Abbey’s story: A journey towards self-love

June 2024

As a child and teenager, Abbey struggled to accept her autism and felt like she didn’t belong. But by connecting with other neurodivergent young people, getting peer support and educating herself about neurodiversity, Abbey is slowly learning to love herself

Abbey was diagnosed with autism when she was just three years old. But overcoming the challenges her autism has brought, accepting her diagnosis and embracing the person that she is has been a much longer journey for the now 23-year-old.

Abbey tells a sadly familiar story about her early years at school – she was bullied at primary school for being different, struggled to ‘fit in’ and blamed herself, and hid herself away if she became overwhelmed or distressed. Although she had a few supportive teachers at primary school, she says “there wasn’t a place where I could fit in and feel okay”.

Things were better for Abbey at secondary school, because she went to an academy with a dedicated space (including a quiet room and a sensory room) for autistic and neurodivergent students to hang out and get support. She also had one-to-one support in lessons, which helped her to achieve well academically.

Abbey is now in the second year of a BA in Acting at Northbrook College in Worthing, after completing her post-16 education there, and says she’s made some amazing friends at college and University. But despite becoming more independent at college, Abbey was still struggling to accept her autism, lacked self-confidence and had issues with health anxiety after contracting Covid-19 in late 2022.

Abbey will soon go into the final year of her acting degree. Here Abbey is assisting some fellow college students with a photo shoot for a costume project around body dysmorphia

After a prolonged period of feeling low, Abbey decided to go and see the wellbeing support team at Northbrook. “I was looking for groups that supported neurodiversity, so that I could connect with other young people with similar challenges,” says Abbey. “From my own research, I couldn’t find much outside the University environment. But one of the wellbeing officers put me in touch with the young people’s service at West Sussex Mind.”

Connecting with other neurodivergent young people

Abbey started having one-to-one support with a specialist youth mental health worker in Worthing and, shortly afterwards, West Sussex Mind created a neurodiverse group, which now meets twice a month online. Abbey started going to the group in early 2023 and still goes to the meetings.

“The group has been extremely helpful to me,” says Abbey. “People feel comfortable in the group – it’s a quiet environment and it isn’t too overwhelming. There’s no pressure and we share with the group when we want to. There’s a lot of mutual understanding there and I feel I can say what’s on my mind.

“I’ve learned so much more about myself through the group and that’s really precious – to be able to learn to understand yourself. Because, let’s face it, no one teaches you about being autistic.”

Finding peer support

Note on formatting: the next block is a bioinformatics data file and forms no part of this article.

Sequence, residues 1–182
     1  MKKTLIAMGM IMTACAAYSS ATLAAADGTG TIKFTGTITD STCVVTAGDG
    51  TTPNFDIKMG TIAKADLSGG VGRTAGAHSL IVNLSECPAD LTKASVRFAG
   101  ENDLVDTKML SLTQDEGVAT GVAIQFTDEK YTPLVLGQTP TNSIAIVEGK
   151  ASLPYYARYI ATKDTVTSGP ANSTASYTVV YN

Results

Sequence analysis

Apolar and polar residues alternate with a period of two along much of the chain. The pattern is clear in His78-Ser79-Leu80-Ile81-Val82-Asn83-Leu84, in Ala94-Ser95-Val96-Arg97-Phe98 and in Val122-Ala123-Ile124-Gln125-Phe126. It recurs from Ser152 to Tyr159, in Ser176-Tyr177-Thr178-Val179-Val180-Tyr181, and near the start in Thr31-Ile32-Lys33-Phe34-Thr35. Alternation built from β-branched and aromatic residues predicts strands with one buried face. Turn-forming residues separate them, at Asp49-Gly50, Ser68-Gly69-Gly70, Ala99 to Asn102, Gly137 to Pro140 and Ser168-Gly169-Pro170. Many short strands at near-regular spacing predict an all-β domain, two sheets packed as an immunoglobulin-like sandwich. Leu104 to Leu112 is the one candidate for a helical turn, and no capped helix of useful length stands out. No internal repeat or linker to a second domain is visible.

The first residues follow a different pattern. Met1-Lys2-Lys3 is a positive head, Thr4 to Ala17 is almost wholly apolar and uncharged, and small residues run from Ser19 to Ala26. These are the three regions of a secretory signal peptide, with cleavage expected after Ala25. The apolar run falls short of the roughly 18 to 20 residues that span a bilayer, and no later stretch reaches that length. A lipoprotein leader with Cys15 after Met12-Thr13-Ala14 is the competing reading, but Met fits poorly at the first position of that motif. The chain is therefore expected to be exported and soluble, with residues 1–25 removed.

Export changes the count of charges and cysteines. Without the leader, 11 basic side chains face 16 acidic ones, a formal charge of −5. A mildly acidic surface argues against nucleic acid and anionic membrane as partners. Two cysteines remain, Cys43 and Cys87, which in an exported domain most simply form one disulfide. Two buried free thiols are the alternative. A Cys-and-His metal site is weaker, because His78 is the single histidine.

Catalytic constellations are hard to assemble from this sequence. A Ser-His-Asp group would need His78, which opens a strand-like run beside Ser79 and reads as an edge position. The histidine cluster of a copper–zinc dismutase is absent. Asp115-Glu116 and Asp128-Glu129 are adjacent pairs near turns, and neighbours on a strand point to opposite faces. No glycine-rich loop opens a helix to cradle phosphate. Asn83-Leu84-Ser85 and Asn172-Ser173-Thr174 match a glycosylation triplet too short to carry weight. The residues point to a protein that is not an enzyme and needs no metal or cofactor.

At one of the neurodiverse group sessions, Abbey was introduced to Naomi, one of West Sussex Mind’s youth peer support workers, who is also autistic. Abbey asked to explore peer support with Naomi to help her accept her autism, and they had six sessions together, in which they shared experiences and Naomi gave Abbey resources and suggested coping techniques.

“I felt listened to in a non-judgemental environment,” says Abbey. “I really enjoyed being able to talk to someone who understands the feelings that I feel, and I was able to ask my own questions – about socialisation, how to cope when I’m feeling distressed, stimming and dealing with my health anxiety.”

As well as being autistic herself, Naomi had also previously studied acting, so Abbey and Naomi were able to discuss some of the challenges of acting when you are on the autistic spectrum. Naomi also offered practical advice around stimming [self-stimulating behaviours common among some people with autism to regulate senses or emotions], helping Abbey to become aware of some of her habits that make her feel socially vulnerable. Abbey said she felt self-conscious about playing with her hair in college and so Naomi suggested that she tie her hair up or wear a hairband to regulate this, while also trying to be more present in the moment.

“Peer support has helped me to seek out resources to improve my understanding of myself and to better manage my mental health in the longer term,” says Abbey. “Although some days are better than others, I feel like I’m finding ways to cope. For example, I’ve felt quite low recently and have argued with family and said things I regret. But I can be kinder to myself now. I know that it doesn’t reflect who I am and that these feelings will pass. I’m finding better ways to cope and seek support if I need it.”

Towards a brighter future

Abbey will soon enter the final year of her degree course, in which she’ll do a showcase live performance as part of her assessment, and she’s feeling nervous but excited about her final year at Uni.

“When I was younger, there wasn’t a place where I could feel okay about myself. I couldn’t accept my difference and I hated that other people couldn’t understand how my brain works.

“But now, I feel confident about who I am, my social skills are improving and I’m bold enough to put myself out there and to challenge myself. I want to get my degree, make myself proud and achieve something I thought I’d never be capable of.”

We wish Abbey every success in the future!